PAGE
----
Mike Davis considers running the USGA

Mike Davis considers running the USGA

The head of the United States Golf Association is one of the most powerful figures in golf. Mike Davis’ resignation as CEO of the organization a week after this year’s United States Open – his 32nd – offers a moment to look back at the game of golf.

Davis, who played college golf, has worked for the American Golf Association for most of his career. He takes pride in the organization’s accomplishments beyond the golf championships, which include the US Open and six other events.

Davis, who became Executive Director in 2011 and CEO in 2016, tossed the organization’s influence behind programs that expanded the game to children, including First Tee, and increased women’s participation in the sport with Girls Golf.

But Davis, 56, also takes pride in what the USGA has done for golf course maintenance, such as water conservation and grass research, all with an eye to environmental impact and cost savings. In recognition of this, the organization’s Turfgrass Environmental Research Program will be renamed the Mike Davis Program for Advancing Golf Course Management.

None of this would be possible without the success of the US Open. It brings in 75 percent of the organization’s total annual revenue of $ 200 million. And Davis has kept a close eye on this major’s financial stability since he was involved in the USGA’s decision in 1993 to bring all matters related to the US Open into the house.

Davis, who is planning this? form the golf architecture office Fazio & Davis Golf Design with the course designer Tom Fazio II, will be replaced by Mike Whan, commissioner of the LPGA Tour.

The following interview has been edited and shortened.

What did you do before you joined USGA in 1990?

I worked in Atlanta for a company selling commercial real estate. One day, out of the blue, I got a call from Mike Butz, who was then number 2 at the USGA under David Fay. Mike and I were raised in the same hometown [Chambersburg] Pennsylvania, but I didn’t know him well. He said we had an opening at USGA. I wasn’t sure I wanted to do that at all. I remember driving up and seeing Golf House [U.S.G.A. headquarters]. It was an image that has been ingrained in my head since the 1970s. I accepted the job.

What was your first job at the club?

I was hired with a focus on championships. I was a kid in a candy store. It wasn’t just about meeting the likes of Arnold Palmer, Jack Nicklaus and Seve Ballesteros. It was to see the great courses in the country. It was really as meaningful to me as meeting some of the greats in the game. At the same time I dealt with the rules of golf. When I got good with governance, when I got good at events like the US Open, when I was comfortable on the ropes, that was a turning point. Still, when it’s the US Open and a rule situation arises, there is pressure. In 1993 I was asked for a second opinion at Baltusrol. The player in question was Ballesteros, one of my heroes. We denied him relief. I have confirmed the verdict. You have these memories with great players and a lot of pressure.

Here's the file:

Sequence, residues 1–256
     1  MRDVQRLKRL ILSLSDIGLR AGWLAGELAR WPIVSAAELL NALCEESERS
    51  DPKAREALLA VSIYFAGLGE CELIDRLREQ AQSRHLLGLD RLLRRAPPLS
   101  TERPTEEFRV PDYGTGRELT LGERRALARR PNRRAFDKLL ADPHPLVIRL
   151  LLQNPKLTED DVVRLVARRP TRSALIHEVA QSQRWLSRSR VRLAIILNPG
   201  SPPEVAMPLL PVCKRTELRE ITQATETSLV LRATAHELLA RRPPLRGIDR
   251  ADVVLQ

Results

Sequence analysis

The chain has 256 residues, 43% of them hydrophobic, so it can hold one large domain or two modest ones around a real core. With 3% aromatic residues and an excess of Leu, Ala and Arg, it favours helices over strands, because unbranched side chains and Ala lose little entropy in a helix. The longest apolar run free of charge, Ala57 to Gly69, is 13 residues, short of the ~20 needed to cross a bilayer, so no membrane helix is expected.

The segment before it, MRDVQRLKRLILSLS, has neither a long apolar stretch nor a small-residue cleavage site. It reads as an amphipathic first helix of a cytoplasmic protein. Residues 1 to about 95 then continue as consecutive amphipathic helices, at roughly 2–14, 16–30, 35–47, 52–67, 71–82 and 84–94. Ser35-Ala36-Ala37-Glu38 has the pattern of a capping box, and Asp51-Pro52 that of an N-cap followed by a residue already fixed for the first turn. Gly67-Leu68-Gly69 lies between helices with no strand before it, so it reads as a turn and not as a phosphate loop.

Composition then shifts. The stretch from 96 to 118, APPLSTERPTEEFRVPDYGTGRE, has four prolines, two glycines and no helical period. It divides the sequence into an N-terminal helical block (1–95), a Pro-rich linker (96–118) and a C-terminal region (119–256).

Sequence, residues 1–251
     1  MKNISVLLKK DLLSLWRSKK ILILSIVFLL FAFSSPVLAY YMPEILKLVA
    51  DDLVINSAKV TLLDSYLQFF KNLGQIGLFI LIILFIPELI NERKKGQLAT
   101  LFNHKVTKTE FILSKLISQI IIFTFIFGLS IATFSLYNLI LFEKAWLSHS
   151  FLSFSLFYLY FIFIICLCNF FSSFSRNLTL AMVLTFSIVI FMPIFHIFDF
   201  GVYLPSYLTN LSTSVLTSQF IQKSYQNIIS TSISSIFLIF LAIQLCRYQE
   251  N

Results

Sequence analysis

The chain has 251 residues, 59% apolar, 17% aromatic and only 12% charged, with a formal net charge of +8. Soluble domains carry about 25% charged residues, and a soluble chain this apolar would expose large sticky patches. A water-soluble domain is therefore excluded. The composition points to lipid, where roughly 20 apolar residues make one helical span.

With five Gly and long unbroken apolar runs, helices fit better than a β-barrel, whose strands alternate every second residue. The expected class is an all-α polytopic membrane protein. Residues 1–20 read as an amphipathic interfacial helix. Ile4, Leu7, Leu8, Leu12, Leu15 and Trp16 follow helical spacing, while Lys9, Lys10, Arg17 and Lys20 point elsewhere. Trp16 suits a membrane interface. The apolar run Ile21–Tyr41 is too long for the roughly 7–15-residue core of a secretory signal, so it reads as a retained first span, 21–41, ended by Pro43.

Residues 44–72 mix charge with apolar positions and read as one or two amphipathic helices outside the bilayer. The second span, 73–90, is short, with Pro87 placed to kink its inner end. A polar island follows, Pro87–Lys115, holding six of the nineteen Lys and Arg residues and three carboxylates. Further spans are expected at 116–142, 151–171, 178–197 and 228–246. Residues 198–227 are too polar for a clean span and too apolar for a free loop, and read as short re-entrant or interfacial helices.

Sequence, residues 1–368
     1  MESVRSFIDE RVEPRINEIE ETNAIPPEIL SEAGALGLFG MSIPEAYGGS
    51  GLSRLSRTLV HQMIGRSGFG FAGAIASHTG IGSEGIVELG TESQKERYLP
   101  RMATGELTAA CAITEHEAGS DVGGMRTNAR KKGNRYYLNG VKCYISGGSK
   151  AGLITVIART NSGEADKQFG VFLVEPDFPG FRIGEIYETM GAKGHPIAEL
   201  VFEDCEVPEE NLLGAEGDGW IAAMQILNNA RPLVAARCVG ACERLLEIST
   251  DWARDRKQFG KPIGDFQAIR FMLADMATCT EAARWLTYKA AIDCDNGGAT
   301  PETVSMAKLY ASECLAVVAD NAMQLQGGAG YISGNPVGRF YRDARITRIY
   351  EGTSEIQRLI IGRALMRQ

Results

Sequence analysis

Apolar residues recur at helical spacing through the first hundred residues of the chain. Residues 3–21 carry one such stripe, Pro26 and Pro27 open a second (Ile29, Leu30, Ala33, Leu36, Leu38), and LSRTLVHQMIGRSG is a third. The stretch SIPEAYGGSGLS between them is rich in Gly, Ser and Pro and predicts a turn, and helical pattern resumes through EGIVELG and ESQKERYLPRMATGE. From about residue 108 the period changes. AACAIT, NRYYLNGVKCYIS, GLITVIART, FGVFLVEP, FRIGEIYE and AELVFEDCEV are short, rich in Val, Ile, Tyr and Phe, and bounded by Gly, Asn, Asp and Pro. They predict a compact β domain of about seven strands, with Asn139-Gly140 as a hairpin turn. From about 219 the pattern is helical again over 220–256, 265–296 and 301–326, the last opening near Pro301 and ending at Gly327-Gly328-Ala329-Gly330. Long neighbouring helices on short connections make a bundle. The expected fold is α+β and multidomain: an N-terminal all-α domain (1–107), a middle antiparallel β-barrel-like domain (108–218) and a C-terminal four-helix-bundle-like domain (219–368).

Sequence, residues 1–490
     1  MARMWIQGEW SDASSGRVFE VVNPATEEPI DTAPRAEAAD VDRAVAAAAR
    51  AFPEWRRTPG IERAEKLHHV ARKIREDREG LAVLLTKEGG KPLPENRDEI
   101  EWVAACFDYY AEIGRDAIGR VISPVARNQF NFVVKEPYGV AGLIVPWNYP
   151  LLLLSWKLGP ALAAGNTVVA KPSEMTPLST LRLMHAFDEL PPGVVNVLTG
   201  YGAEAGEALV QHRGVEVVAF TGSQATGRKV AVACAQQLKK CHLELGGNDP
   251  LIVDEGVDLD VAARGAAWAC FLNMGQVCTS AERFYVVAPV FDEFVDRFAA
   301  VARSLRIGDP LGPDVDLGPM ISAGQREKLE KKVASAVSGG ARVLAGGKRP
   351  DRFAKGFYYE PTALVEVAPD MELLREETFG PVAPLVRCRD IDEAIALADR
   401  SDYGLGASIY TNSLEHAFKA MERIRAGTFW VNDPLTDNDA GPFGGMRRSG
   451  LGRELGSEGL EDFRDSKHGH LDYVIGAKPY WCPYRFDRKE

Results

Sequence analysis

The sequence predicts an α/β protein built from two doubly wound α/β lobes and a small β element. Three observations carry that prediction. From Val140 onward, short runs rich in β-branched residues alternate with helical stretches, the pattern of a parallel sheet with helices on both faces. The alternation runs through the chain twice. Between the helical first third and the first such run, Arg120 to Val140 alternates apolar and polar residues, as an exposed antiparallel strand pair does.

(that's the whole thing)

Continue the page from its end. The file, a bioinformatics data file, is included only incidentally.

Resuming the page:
They are known for the way you set up championship courses differently. What influenced you

I remember going to the 1980 US Open in Baltusrol with my dad. That Friday, Keith Fergus hit his ball just under the rough on the right on the fifth hole. I watched Fergus swing and he moved his ball five feet. His fellow competitor had fired a terrible shot that was so far off the rope line, where the grass had been trampled, that it was easier for him to lie. Then he struck it 15 feet out of the hole. I turned to my dad and said I know golf is random, but that’s unfair. During my tenure, we moved the rope lines more. It wasn’t spectator friendly, but it kept the championship pure. Then we introduced graduates [lengths of] Rough. It allowed players to put their shooting skills to the test. There was this template for US Open courses – narrow fairways, high rough and fast greens. We wanted to move the tee boxes more and present the architecture. We wanted to punish bad strokes and reward good ones, but we also wanted players to think more about the clubs they were using. It introduced a lot of course management.

The USGA has always drawn criticism. What criticism was justified during your time?

No doubt we have made our fair share of mistakes. One of the biggest examples was what happened to Dustin Johnson at the US Open in Oakmont in 2016 [when he was assessed a one-shot penalty for his ball moving — seven holes after the infraction]. Then there is criticism of the governance. When we said we won’t allow putters to anchor [steadying the handle against the stomach], people got angry. It’s similar with distance. If we think it is in the best interests of the game, we will act. Governing is not easy. You have to think long term and then you just take the blows.

What did you particularly like about your time as head of the association?

I liked building championships and governance. We were ready to face some difficult problems, and we weren’t always right.

How did the course design go for your next career?

Back in my junior days, I had this fascination for golf courses. One of the things I dealt with the USGA was seeing most of the greatest golf courses in the world. I had that in the back of my mind. I don’t know if I’ll be good at it, but I’ll be passionate about it.

Is there a chance you will enter a senior amateur tournament?

I do not think so. As a junior golfer, I was probably my best. College golf, I wasn’t that good. I’ve won some nationally, but I didn’t qualify for a USGA competition. I still have a handicap of 5. But there is a big difference between a handicap of 5 and a scratch golfer. I’ll be playing in club championships again, which I haven’t done in 25 years.


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